London, Oct 18 : A lung cancer patient in her 80s, who rejected conventional treatment and self-medicated with cannabidiol ('CBD') oil saw her tumour shrink, said doctors in a study published in the journal in BMJ Case Reports.
The case suggests the need to explore the use of cannabidiol ('CBD') oil as a potential lung cancer treatment.
In the paper, doctors at the Respiratory Department, at Watford General Hospital in the UK wrote that the woman was diagnosed with non-small cell lung cancer in 2018 and her tumour was 41 mm in size.
In addition, the woman was a chain smoker, and also had mild chronic obstructive pulmonary disease (COPD), osteoarthritis, and high blood pressure, for which she was taking various drugs.
But as the tumour showed no evidence of local or further spread, she was suitable for conventional treatment of surgery, chemotherapy, and radiotherapy.
However, the woman refused treatment and shortly after her original diagnosis, she started using the CBD oil -- 0.5 ml of the oil, usually three times a day, but sometimes twice --on the advice of a relative since August 2018.
Regular CT scans every 3-6 months showed her tumour progressively shrinking in size from 41 mm in June 2018 to 10 mm by February 2021, equalling to an overall 76 per cent reduction in maximum diametre, averaging 2.4 per cent a month.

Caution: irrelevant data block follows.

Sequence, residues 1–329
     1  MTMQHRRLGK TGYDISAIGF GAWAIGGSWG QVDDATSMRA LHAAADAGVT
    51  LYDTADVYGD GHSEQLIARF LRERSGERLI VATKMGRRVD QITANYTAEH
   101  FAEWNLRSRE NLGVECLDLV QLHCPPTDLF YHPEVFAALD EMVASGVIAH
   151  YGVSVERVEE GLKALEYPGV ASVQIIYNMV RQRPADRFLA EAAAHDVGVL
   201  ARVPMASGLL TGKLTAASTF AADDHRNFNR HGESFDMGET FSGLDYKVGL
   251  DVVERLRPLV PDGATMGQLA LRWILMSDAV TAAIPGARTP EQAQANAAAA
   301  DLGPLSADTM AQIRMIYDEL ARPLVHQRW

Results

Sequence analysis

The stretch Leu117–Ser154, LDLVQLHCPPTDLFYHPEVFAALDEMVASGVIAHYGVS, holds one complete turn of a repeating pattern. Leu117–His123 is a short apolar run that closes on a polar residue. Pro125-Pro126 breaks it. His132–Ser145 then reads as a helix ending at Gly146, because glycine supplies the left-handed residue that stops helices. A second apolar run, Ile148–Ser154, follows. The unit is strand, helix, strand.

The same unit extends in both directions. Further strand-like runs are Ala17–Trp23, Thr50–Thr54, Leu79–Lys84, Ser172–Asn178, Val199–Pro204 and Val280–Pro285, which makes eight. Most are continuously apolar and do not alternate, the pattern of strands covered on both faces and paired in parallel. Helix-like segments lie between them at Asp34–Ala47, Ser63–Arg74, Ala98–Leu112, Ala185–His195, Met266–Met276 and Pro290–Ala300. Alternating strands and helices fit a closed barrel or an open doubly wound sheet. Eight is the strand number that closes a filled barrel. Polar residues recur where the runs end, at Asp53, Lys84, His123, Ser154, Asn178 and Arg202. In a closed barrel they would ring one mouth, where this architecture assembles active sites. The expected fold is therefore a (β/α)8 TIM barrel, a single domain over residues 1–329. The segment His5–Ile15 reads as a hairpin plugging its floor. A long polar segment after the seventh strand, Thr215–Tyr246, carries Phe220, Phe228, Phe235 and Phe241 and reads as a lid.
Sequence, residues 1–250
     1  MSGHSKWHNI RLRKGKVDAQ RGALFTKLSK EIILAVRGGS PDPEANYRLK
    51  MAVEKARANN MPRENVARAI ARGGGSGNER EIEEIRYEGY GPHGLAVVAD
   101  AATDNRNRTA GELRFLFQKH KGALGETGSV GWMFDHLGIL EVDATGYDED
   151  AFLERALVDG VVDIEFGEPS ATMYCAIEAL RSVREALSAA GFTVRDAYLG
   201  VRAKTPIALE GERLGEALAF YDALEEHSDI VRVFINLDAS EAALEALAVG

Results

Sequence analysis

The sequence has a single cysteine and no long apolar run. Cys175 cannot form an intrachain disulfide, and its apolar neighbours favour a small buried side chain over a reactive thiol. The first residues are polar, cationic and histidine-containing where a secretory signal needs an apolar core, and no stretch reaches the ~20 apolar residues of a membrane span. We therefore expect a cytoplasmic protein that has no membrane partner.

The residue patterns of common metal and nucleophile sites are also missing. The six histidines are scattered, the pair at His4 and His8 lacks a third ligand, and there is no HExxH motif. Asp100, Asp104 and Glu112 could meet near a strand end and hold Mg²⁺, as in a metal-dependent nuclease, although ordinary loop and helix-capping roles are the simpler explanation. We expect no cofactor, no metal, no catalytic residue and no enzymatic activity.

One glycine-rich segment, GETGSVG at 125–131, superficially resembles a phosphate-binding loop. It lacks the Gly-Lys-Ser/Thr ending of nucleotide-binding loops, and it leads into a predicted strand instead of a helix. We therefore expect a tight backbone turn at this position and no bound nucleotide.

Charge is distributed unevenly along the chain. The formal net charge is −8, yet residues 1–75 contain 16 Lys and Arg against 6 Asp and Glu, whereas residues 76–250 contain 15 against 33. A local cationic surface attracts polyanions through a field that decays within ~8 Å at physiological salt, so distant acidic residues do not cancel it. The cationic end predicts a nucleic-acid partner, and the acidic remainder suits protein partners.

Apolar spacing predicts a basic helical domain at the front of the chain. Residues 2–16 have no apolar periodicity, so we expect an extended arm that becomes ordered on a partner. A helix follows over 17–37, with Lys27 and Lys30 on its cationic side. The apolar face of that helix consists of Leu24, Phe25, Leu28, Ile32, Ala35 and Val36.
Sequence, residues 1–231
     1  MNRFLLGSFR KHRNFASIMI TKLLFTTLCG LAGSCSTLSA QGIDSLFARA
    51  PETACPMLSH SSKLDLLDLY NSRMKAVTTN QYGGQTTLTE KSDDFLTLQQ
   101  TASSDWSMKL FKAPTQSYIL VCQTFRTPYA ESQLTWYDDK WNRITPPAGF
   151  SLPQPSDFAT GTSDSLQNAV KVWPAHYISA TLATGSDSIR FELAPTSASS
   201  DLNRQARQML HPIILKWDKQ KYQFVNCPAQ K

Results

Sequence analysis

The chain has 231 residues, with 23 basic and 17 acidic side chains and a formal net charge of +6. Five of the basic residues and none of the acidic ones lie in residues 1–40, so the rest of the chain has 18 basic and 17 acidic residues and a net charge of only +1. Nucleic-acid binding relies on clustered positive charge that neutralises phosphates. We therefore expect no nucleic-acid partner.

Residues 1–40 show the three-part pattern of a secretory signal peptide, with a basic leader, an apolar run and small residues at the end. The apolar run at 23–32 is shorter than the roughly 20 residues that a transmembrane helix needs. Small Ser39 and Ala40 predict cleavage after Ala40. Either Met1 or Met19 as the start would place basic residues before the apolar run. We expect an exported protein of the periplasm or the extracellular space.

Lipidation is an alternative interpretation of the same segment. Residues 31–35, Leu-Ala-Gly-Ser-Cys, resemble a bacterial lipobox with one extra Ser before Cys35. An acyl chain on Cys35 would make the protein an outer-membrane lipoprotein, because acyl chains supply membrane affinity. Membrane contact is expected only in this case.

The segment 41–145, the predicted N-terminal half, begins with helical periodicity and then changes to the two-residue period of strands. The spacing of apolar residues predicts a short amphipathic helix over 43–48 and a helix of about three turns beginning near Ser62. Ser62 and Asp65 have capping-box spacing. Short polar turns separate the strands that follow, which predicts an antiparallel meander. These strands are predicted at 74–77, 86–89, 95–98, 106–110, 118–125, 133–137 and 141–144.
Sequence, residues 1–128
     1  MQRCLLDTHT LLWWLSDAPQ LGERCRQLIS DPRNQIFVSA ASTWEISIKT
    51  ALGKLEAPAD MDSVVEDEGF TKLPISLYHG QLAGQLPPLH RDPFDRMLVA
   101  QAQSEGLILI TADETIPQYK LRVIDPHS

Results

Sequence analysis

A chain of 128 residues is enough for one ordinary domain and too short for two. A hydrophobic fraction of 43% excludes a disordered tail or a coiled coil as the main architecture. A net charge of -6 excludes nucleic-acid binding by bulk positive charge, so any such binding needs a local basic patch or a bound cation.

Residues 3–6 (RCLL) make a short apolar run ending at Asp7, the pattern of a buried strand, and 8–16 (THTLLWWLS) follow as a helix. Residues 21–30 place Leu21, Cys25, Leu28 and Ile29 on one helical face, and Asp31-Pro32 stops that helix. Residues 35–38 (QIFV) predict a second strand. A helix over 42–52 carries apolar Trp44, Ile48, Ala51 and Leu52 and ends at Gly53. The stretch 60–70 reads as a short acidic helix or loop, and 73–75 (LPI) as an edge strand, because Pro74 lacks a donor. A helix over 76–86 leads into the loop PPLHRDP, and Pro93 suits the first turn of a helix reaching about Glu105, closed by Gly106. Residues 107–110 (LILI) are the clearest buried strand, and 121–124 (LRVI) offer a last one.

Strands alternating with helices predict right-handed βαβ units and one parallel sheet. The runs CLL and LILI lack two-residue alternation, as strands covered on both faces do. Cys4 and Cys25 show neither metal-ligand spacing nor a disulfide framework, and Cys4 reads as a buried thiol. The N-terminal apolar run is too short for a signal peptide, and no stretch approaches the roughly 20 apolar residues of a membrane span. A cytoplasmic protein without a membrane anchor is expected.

"Without the knowledge of her clinicians, she chose to self-administer 'cannabidiol (CBD) oil' orally 2-3 times daily," the doctors wrote in the paper.
"Serial imaging showed that her cancer reduced in size progressively from 41 mm to 10 mm over a period of 2.5 years," they added.
The woman told doctors that the supplier advised that hot food or drinks should be avoided when taking the oil as she might otherwise feel stoned.
The woman said she had reduced appetite since taking the oil but had no other obvious 'side effects'. There were no other changes to her prescribed meds, diet, or lifestyle. And she continued to smoke throughout.
This is just one case report, with only one other similar case reported, caution the authors.
And it's not clear which of the CBD oil ingredients might have been helpful, the doctors said.
"Although there appears to be a relationship between the intake of CBD oil and the observed tumour regression, we are unable to conclusively confirm that the tumour regression is due to the patient taking CBD oil," they pointed out.
"More research is needed to identify the actual mechanism of action, administration pathways, safe dosages, its effects on different types of cancer and any potential adverse side effects when using cannabinoids," they noted.